> "y diaeresis". In many European languages and Far East encodings 0xFF is a 
> valid code point.
> For example in KOI-8 encoding 0xFF is officially assigned value.

char[] is not Unicode, it is UTF-8. For UTF-8, 0xFF is not a valid 
value. The Unicode U00FF is not encoded into UTF-8 as FF.

"The octet values C0, C1, F5 to FF never appear." 
http://www.ietf.org/rfc/rfc3629.txt


> What is the point of current initializaton?

The point is to initialize it with an invalid value, in order to flush 
out uninitialized data errors.

> If you are doing intialization already
> and this intialization is a part of specification so why not to use
> official "Nul" values in this case?

Because 0 is a valid UTF-8 character.


> You are doing the same for floats - you are using NaNs there
>  (Null value for floats). Why not to use the same for chars?

The FF initialization does correspond (as close as we can get) with NaN 
for floats. 0 can masquerade as legitimate data, FF cannot.
July 29, 2006
Re: To Walter, about char[] initialization by FF
"Carlos Santander" <csantander619@gmail.com> wrote in message 
news:eagiip$1lad$3@digitaldaemon.com...
> Andrew Fedoniouk escribió:
>> 2) For char[] selection of 0xFF is wrong and even worse.
>> For example character with code 0xFF in Latin-I encoding is
>> "y diaeresis". In many European languages and Far East encodings 0xFF is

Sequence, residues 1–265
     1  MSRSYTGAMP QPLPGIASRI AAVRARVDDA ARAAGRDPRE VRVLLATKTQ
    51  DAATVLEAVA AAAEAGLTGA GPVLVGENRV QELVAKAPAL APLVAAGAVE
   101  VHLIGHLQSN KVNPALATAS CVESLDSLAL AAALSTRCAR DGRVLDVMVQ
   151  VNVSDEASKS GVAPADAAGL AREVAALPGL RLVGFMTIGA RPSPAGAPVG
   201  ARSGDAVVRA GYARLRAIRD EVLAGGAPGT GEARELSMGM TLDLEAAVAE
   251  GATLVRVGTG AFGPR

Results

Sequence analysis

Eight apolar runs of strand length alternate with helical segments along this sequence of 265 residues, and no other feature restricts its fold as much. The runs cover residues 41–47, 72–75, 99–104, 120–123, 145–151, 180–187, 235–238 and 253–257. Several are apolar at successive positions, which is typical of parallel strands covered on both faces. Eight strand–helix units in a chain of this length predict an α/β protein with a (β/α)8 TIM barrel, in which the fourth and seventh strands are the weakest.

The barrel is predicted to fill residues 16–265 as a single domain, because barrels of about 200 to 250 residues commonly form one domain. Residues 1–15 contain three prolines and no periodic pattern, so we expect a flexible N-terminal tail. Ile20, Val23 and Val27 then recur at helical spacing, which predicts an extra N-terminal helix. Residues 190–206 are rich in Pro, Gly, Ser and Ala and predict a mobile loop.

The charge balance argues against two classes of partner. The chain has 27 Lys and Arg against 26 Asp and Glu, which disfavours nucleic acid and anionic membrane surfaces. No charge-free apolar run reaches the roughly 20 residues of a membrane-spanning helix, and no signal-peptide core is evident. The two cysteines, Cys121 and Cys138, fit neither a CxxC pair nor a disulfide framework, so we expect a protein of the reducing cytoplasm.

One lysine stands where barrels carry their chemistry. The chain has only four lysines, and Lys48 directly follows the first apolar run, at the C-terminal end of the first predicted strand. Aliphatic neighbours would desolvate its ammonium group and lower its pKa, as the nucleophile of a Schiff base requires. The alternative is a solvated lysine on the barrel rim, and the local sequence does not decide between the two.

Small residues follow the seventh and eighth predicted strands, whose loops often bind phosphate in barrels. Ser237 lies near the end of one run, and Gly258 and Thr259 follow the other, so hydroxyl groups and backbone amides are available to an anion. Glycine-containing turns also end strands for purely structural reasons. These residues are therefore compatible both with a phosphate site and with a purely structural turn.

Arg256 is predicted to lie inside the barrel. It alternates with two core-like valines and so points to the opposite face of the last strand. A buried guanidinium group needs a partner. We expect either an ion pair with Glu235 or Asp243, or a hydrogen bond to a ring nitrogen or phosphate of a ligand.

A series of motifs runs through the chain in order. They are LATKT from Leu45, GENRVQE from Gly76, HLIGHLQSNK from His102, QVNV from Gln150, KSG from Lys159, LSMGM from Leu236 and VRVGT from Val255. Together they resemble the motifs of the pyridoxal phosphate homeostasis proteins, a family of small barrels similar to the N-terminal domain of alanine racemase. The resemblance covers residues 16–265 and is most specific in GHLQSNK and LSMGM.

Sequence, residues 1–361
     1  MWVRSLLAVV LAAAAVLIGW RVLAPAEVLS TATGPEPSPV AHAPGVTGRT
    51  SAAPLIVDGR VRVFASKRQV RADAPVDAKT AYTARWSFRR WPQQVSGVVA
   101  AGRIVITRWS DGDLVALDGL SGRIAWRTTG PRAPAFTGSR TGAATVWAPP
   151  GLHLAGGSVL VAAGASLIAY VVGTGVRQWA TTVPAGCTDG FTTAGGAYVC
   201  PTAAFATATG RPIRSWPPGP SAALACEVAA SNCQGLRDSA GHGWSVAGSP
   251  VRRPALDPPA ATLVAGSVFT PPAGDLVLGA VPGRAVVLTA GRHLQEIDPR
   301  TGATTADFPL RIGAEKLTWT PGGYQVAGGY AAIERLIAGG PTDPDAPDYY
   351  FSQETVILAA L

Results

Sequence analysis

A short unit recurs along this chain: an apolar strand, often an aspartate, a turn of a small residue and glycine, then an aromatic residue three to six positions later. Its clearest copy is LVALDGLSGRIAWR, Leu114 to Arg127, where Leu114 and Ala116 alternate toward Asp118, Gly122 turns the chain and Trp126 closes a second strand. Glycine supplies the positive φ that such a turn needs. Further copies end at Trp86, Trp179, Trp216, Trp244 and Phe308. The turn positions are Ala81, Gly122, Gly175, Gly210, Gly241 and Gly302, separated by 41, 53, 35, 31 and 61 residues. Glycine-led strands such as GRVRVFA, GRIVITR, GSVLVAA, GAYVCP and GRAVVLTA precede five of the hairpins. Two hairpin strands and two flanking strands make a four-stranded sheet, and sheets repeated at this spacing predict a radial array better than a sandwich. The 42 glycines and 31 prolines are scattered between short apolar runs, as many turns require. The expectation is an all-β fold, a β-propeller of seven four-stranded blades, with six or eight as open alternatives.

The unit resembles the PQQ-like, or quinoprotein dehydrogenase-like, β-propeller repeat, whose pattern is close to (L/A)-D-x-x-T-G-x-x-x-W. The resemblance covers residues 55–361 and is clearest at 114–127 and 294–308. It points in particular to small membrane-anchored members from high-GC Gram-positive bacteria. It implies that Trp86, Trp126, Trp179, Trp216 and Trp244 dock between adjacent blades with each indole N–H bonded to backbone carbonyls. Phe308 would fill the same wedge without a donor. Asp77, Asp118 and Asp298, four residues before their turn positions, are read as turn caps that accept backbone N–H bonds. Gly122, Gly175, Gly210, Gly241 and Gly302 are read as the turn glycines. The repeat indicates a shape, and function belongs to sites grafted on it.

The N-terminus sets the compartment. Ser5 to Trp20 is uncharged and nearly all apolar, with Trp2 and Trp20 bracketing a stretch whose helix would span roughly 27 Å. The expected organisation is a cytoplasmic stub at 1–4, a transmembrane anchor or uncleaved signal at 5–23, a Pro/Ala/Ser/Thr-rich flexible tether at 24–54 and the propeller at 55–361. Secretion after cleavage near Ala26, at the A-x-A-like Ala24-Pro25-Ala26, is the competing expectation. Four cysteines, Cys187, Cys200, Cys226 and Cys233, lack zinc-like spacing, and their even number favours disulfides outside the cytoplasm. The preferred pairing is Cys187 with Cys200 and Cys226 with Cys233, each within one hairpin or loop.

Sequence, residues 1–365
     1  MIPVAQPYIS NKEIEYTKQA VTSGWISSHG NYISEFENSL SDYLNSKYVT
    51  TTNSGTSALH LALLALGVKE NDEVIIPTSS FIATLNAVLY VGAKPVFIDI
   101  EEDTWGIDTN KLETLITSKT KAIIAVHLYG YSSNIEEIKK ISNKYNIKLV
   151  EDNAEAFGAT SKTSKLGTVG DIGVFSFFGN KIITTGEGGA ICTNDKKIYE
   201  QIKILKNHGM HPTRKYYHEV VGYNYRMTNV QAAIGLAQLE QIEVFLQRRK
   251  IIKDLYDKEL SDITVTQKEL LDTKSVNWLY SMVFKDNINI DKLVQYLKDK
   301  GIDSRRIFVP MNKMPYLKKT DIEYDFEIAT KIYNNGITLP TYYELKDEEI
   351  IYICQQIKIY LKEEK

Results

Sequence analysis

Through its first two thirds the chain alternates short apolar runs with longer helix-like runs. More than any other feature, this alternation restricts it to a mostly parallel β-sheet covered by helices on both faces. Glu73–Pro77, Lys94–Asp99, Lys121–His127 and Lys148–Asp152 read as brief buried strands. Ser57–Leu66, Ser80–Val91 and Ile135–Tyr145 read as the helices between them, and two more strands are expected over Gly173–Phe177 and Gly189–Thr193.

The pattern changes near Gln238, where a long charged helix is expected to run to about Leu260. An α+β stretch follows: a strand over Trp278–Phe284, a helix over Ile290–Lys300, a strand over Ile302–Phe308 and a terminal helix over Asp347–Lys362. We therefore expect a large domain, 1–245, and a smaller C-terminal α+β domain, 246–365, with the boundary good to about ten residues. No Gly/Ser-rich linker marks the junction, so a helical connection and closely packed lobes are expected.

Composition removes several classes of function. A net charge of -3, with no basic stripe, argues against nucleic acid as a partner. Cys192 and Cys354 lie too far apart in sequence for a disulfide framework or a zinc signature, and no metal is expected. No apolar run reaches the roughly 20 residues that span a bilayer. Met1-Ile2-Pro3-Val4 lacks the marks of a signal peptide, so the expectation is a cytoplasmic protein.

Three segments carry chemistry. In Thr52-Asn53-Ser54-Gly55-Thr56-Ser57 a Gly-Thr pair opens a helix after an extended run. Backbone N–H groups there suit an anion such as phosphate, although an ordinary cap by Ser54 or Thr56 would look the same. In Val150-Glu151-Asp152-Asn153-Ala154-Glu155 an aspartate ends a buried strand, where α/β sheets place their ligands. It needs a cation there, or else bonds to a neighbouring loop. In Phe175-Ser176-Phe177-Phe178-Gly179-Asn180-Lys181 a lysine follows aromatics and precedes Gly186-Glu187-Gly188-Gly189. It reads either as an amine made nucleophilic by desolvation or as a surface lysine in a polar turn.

>> a valid code point.
>> For example in KOI-8 encoding 0xFF is officially assigned value.
>>
>
> But D's chars are UTF-8, not Latin-1 nor any other, so I don't think this 
> applies.
>

UTF-8 is a multibyte transport encoding of full 21-bit UNICODE codepoint.
Strictly speaking single byte in UTF-8 sequence cannot be named as 
char[acter]

char as typename implies that value of its type contains some complete
codepoint (assumed that information about codepage is stored somewhere
or is known at the point of use)

I mean that "UTF-8 characrter" (if it makes any sense at all) as type
is always char[] and not a single char.

0xFF as a char initialization value implies that D char is not supposed
to handle single byte character encodings at all. Is this an original 
intention?

Andrew Fedoniouk.
http://terrainformatica.com
July 29, 2006
Re: To Walter, about char[] initialization by FF
"Walter Bright" <newshound@digitalmars.com> wrote in message 
news:eagk1o$1mph$1@digitaldaemon.com...
> Andrew Fedoniouk wrote:
>> Following assumption ( 
>> http://www.digitalmars.com/d/archives/digitalmars/D/3239.html):
>>
>> "codepoint U+FFFF is not a legitimate Unicode character, and, 
>> furthermore, it is guaranteed by the
>> Unicode Consortium that 0xFFFF will NEVER be a legitimate Unicode 
>> character.
>> This codepoint will remain forever unassigned, precisely so that it may 
>> be used
>> for purposes such as this."
>>
>> is just wrong.